The Interstate Commerce Commission (ICC), which existed for about a century before being mercifully put out to pasture in 1995, is one of the best historical examples of how governmental attempts at regulating the economy can backfire.
Created with the stated goal of protecting consumers from the competitive interests of Gilded Age railroad barons, the ICC was quickly captured by the very special interests it sought to control, then helped entrench a railroad cartel. At the height of its powers, the ICC tried to limit the use of trucks for hauling freight (an effort that thankfully failed) and used its influence to have a critic of the railroad monopoly committed to an asylum.
Naturally, some senators see the ICC as the ideal model for a new agency aimed at regulating Big Tech. Bad ideas never seem to truly die in Washington.
While promoting their bipartisan bill to ramp up federal regulation of successful tech companies in The New York Times, Sens. Lindsey Graham (R–S.C.) and Elizabeth Warren (D–Mass.) pointed to the ICC as one model for what they aim to do. “It’s time to rein in Big Tech,” they argued, “and we can’t do it with a law that only nibbles around the edges of the problem.” Warren has also invoked the ICC in posts on X (formerly known as Twitter) and in public comments calling for tighter federal control over companies like Amazon and Facebook.
Indeed, their bill wouldn’t nibble. It would create a new federal commission to regulate online platforms. The Digital Consumer Protection Commission would have concurrent jurisdiction (which really means overlapping and duplicative mandates) with the Federal Communications Commission (FCC) and the Department of Justice. In the senators’ telling, this newfangled ICC would aim to “preserve innovation while minimizing harm presented by emerging industries.”
That’s far from the whole story of the original ICC.
Created in 1887 with the noble goal of setting “just and reasonable” rates for freight carried by trains across state lines, the ICC “frequently hindered innovation, sometimes drastically,” wrote Richard N. Langlois, an economics professor at the University of Connecticut, in The Wall Street Journal in August. It and other federal agencies like the FCC that have been created to regulate private businesses are “generally politicized and opaque,” he warned. “And they often worked against the long-term interests of consumers.”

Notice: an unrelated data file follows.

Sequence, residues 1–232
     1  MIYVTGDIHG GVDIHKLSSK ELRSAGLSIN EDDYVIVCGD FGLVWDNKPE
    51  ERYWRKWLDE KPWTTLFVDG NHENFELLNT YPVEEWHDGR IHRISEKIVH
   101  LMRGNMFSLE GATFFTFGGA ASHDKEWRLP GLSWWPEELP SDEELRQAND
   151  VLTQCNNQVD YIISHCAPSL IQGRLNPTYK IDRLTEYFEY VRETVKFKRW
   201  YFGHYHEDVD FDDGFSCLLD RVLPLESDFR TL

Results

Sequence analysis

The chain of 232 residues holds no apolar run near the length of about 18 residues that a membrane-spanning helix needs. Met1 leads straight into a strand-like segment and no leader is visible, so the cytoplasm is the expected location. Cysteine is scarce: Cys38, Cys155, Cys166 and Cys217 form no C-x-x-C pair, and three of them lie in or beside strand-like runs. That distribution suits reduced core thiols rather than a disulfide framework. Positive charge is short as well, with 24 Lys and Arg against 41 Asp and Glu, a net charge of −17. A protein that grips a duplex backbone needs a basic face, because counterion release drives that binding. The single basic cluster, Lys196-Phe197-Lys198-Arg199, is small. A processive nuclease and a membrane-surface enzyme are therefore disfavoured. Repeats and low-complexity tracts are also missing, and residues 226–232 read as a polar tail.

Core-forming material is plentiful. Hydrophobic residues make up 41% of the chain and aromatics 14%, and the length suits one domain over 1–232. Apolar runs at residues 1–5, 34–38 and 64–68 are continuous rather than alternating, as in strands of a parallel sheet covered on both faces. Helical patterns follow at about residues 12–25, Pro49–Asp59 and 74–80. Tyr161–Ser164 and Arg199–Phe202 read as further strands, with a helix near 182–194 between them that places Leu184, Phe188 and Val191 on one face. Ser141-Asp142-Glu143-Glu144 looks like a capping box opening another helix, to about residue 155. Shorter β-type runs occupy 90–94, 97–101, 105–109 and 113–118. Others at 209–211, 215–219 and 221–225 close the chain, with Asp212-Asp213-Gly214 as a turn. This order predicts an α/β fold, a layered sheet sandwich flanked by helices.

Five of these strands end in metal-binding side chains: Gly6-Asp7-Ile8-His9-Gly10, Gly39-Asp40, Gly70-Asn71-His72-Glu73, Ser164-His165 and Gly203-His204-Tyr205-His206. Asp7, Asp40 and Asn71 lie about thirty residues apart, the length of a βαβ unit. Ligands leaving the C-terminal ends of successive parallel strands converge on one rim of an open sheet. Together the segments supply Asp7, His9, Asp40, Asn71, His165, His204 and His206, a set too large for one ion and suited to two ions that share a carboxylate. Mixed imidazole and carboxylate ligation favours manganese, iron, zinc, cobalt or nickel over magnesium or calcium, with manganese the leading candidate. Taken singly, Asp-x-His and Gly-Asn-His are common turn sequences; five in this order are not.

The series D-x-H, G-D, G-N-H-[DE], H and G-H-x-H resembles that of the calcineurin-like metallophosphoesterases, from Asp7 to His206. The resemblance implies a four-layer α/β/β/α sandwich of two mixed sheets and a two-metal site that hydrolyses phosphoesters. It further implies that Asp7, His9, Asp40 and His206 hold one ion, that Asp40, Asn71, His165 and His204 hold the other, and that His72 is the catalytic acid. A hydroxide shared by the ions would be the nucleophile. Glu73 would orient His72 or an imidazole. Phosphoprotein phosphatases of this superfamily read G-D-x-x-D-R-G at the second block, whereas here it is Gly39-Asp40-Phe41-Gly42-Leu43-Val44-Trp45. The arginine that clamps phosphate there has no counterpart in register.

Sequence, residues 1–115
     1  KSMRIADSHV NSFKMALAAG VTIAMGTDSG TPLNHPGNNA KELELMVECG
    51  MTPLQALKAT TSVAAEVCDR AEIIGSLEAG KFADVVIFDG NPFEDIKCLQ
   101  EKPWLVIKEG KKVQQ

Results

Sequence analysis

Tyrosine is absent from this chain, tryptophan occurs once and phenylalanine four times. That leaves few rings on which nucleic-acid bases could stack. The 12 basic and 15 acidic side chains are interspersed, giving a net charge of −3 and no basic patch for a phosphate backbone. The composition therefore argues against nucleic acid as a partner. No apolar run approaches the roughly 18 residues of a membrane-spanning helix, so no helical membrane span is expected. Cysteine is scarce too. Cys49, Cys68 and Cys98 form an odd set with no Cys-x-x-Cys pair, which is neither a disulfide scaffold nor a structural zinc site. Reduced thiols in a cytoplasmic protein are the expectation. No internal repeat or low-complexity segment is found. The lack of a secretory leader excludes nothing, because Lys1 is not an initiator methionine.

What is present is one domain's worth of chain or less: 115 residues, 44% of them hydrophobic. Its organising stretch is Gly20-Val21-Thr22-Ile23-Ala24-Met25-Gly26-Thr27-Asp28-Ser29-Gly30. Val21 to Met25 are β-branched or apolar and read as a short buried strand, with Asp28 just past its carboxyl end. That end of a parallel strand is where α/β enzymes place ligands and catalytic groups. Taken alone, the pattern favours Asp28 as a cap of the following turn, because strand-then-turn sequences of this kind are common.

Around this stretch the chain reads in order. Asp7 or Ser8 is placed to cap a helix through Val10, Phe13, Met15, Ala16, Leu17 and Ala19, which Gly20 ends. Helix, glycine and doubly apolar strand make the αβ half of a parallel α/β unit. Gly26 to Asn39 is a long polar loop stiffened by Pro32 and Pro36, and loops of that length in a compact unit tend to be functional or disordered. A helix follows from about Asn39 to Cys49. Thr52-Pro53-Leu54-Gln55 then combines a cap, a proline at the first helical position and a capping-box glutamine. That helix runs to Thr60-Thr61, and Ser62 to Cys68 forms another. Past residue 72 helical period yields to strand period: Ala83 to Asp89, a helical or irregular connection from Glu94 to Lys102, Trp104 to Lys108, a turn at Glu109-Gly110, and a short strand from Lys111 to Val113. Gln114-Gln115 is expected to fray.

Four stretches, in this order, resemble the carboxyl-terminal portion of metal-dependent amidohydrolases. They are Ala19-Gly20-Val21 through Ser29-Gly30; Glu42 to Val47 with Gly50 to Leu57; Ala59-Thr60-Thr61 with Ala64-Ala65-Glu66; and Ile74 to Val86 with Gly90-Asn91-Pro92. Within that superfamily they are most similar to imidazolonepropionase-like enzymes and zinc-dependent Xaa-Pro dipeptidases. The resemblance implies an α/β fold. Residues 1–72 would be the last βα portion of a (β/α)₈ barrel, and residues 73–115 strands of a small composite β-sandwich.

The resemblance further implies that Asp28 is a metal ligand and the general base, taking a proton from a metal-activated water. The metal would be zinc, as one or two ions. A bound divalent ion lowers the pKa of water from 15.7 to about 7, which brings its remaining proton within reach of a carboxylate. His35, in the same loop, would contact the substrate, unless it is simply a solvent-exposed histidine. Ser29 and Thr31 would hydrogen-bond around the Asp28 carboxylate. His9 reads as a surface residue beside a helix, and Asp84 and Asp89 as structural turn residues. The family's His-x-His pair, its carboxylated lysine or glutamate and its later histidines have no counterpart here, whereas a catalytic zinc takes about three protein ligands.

Once the railroads and other shipping interests had effectively captured the ICC, it became a convenient tool for limiting competition from other forms of transportation too. Thomas Gale Moore, an economic historian and onetime member of President Ronald Reagan’s Council of Economic Advisers, has written that “persistent lobbying” from the railroads helped bring the relatively new trucking industry “under the control of the ICC” starting in 1935.
After that, the trucking companies had to get a “certificate of public convenience and necessity” from the ICC to operate across state lines. While existing companies were easily granted those permission slips, Moore wrote, new companies “found it extremely difficult to get certificates.” Additionally, companies regulated by the ICC had to post their freight rates publicly (for all competitors to see) and were limited in how often they could make changes. Those policies did little to protect the public but obviously benefited the railroads by slowing the growth of trucking as an alternative.
In one of the more bizarre anecdotes in federal regulatory history, the ICC played a role in institutionalizing inventor Eben Moody Boynton, who in 1920 claimed to have invented a new type of railroad model that required only a single track to operate. It took two months and the intervention of a Massachusetts congressman before Boynton was freed. (Boynton’s so-called bicycle railroad idea never caught on, but that hardly seems to justify the ICC’s efforts to silence him.)
By 1980, with the railroad industry nearing the end of a long decline that was due in no small part to the ICC’s cartelization of the industry, Milton Friedman singled out the commission in his book Free to Choose as the paramount illustration of what he called “the natural history of government intervention.” What he wrote about the history of the ICC is a particularly prescient warning for anyone encouraging federal regulation of technology and social media.
“A real or fancied evil leads to demands to do something about it. A political coalition forms consisting of sincere, high-minded reformers and equally sincere interested parties,” Friedman wrote. The reformers create a new agency to do the work they believe is in the best interest of consumers, but “the interested parties go to work to make sure that the power is used for their benefit. They generally succeed.”
That same year, Congress effectively sidelined the ICC with the passage of laws to deregulate the trucking and rail industries. In the absence of the anti-competitive bottleneck created by the ICC, freight railroads have reversed a decadeslong decline and are thriving. Consumers are reaping the benefits: Average rail shipping rates have declined by 40 percent, when adjusting for inflation, in the past 40 years, according to the Association of American Railroads.
The idea that new federal regulatory agencies are in the best interest of consumers was outdated over 40 years ago. The ICC originated because the Elizabeth Warrens and Lindsey Grahams of the late 1800s sought to use federal power to take on the “Big Tech billionaires” of their time. The ICC’s myriad failures should be a warning for policy makers today, not a model to be duplicated.